The money is urgently needed to combat the destruction of the planet's last few gorillas, chimpanzees, bonobos and orangutans and secure their natural habitat, said the UN on Wednesday.

"$25 million is the bare minimum we need, the equivalent of providing a dying man with bread and water," Klaus Toepfer, executive director of the UN Environment Programme (UNEP), said in a press release. 

"The clock is standing at one minute to midnight for the Great Apes, animals that share more than 96% of their DNA with humans. If we lose any Great Ape species, we will be destroying a bridge to our own origins, and with it part of our own humanity." 

Survival plan

The appeal was jointly made by UNEP and the UN Educational,
Scientific and Cultural Organisation (UNESCO) ahead of a meeting, starting on Wednesday, to frame a "survival plan" for the four Great Ape species. 

The greatest enemy of Ape
species is mankind

The meeting gathers donor agencies, zoologists and government representatives from the 23 countries that are home to these four unique species, all of which could be wiped out in the wild within 50 years at best.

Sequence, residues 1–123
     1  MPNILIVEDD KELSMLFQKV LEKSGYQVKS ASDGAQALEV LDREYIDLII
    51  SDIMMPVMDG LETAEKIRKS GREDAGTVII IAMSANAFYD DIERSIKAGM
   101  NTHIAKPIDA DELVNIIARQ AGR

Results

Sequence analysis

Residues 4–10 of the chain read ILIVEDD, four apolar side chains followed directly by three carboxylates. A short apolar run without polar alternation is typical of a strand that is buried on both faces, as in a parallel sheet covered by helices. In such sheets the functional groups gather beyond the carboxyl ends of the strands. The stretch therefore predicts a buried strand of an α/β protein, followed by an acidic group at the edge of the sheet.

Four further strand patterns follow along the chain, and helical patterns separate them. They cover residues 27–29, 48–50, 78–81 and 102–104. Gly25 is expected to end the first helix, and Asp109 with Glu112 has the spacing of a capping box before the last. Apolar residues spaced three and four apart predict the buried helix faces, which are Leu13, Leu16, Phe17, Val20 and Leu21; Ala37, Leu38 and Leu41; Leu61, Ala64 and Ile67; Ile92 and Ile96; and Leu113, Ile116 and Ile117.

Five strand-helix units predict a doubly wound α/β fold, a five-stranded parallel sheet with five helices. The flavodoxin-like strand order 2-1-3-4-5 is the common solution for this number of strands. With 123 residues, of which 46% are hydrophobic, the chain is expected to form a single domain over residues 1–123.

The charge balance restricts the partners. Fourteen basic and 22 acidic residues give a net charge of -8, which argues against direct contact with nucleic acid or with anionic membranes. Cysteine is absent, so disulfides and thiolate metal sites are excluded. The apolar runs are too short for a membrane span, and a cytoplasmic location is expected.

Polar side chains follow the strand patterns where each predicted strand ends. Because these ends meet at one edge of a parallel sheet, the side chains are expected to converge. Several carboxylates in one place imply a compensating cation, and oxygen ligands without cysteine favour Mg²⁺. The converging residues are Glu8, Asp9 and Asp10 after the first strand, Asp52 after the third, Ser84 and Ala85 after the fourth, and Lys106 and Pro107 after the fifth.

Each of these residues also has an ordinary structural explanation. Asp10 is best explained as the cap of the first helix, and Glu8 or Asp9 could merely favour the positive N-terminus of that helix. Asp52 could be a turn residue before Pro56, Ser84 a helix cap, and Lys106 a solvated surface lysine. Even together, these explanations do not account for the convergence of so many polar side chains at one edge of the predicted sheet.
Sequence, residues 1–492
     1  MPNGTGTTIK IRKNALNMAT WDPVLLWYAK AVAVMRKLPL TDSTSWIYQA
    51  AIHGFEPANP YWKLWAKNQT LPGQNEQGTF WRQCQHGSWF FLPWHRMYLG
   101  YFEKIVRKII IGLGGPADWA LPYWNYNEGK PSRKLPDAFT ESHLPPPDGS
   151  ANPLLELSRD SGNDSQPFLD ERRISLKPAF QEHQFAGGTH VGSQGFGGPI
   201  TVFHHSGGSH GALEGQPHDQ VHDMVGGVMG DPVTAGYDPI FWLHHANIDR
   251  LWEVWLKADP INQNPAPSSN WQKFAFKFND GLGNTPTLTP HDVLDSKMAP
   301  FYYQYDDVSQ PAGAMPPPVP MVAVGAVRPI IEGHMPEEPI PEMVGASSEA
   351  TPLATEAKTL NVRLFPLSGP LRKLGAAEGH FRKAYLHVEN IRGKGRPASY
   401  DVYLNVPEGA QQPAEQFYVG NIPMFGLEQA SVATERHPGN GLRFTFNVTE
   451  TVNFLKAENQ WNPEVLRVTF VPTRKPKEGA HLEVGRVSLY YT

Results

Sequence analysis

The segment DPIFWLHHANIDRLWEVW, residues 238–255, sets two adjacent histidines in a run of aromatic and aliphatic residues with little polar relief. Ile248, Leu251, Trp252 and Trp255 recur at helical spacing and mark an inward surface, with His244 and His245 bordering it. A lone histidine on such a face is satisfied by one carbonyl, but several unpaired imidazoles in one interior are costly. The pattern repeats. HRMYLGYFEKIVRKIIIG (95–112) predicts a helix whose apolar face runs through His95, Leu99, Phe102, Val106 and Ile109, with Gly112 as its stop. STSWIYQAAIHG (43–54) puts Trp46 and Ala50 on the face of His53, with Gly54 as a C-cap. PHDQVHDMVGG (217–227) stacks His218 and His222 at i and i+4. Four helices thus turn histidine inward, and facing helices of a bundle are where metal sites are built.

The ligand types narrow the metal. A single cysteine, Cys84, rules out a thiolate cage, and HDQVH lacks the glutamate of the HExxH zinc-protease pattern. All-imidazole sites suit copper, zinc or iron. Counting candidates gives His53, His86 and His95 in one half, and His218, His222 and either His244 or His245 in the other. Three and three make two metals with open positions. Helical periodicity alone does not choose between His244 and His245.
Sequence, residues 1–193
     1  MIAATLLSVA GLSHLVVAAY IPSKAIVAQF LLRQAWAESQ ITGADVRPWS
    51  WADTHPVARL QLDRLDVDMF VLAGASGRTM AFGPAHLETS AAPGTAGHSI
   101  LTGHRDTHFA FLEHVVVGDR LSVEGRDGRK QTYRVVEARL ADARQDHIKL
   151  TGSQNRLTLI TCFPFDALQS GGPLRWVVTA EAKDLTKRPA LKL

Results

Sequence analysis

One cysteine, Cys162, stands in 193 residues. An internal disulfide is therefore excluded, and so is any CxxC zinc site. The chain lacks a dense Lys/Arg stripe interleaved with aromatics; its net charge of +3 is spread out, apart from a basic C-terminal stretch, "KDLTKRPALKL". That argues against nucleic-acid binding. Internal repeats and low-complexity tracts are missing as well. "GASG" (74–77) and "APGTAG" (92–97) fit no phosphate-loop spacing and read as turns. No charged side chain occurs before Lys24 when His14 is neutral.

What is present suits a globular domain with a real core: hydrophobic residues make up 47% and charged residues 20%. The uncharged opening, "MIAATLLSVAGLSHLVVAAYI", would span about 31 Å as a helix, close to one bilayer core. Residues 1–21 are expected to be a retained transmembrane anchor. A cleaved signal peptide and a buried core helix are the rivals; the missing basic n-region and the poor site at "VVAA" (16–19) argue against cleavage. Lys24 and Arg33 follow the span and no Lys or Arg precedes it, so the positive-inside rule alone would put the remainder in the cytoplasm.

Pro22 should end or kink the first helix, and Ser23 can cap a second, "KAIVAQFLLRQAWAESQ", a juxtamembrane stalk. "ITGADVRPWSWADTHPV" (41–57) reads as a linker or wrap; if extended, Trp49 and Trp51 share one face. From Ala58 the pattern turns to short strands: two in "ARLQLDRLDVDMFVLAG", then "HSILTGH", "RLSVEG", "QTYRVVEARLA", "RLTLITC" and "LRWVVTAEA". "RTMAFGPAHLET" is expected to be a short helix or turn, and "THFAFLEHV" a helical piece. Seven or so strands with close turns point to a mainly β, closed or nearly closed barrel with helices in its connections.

The creatures' biggest enemy is mankind, which is encroaching on its habitat and ripping through ape populations for poaching, bushmeat and the live animal trade. 

Less than 10% of the remaining forest home of the Great Apes in Africa will be left relatively undisturbed by 2030 if road-building, the construction of mining camps and other schemes continue at their present pace, UNEP said. 

"Research indicates that the western chimpanzee has already disappeared from three countries: Benin, the Gambia and Togo," UNESCO expert Samy Mankoto, a specialist on biosphere reserves in Africa, said. 

Shrinking population

In Ghana, there are only 300-500 western chimps left, and in
Guinea Bissau, the population has shrunk to less than 200. 

"If we lose any Great Ape species, we will be destroying a bridge to our own origins, and with it part of our own humanity"

Klaus Toepfer
Executive director 
UN Environment Programme

Only about 600 mountain gorillas are still alive, holed up in remote pockets of highland in Uganda, Rwanda and the Democratic Republic of Congo (DRC), regions where poverty or strife make the creatures tempting targets for poachers or the hungry. 

The outlook for the orangutan, a native of Southeast Asia, is equally grim. In 28 years' time, there will be almost no habitat left that can be deemed "relatively undisturbed," according to a UNEP study.